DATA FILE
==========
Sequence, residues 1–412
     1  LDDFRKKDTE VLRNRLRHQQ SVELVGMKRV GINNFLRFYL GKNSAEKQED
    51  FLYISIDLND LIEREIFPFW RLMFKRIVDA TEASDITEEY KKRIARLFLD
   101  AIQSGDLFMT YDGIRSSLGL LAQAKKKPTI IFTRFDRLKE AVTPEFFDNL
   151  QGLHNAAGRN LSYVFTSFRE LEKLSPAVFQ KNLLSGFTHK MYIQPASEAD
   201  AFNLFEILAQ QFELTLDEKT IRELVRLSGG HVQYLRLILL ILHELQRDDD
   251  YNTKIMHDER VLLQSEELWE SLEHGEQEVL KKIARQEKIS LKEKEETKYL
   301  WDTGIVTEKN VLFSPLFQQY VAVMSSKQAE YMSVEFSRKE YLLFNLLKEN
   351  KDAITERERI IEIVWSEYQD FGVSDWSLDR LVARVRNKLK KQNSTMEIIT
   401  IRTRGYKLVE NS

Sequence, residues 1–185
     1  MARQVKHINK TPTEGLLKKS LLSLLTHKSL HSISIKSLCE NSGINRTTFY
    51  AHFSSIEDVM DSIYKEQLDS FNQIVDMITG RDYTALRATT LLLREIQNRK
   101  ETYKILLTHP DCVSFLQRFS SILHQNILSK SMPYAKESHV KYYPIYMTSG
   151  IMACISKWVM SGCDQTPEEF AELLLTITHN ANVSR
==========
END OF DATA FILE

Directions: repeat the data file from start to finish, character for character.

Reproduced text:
Sequence, residues 1–412
     1  LDDFRKKDTE VLRNRLRHQQ SVELVGMKRV GINNFLRFYL GKNSAEKQED
    51  FLYISIDLND LIEREIFPFW RLMFKRIVDA TEASDITEEY KKRIARLFLD
   101  AIQSGDLFMT YDGIRSSLGL LAQAKKKPTI IFTRFDRLKE AVTPEFFDNL
   151  QGLHNAAGRN LSYVFTSFRE LEKLSPAVFQ KNLLSGFTHK MYIQPASEAD
   201  AFNLFEILAQ QFELTLDEKT IRELVRLSGG HVQYLRLILL ILHELQRDDD
   251  YNTKIMHDER VLLQSEELWE SLEHGEQEVL KKIARQEKIS LKEKEETKYL
   301  WDTGIVTEKN VLFSPLFQQY VAVMSSKQAE YMSVEFSRKE YLLFNLLKEN
   351  KDAITERERI IEIVWSEYQD FGVSDWSLDR LVARVRNKLK KQNSTMEIIT
   401  IRTRGYKLVE NS

Sequence, residues 1–185
     1  MARQVKHINK TPTEGLLKKS LLSLLTHKSL HSISIKSLCE NSGINRTTFY
    51  AHFSSIEDVM DSIYKEQLDS FNQIVDMITG RDYTALRATT LLLREIQNRK
   101  ETYKILLTHP DCVSFLQRFS SILHQNILSK SMPYAKESHV KYYPIYMTSG
   151  IMACISKWVM SGCDQTPEEF AELLLTITHN ANVSR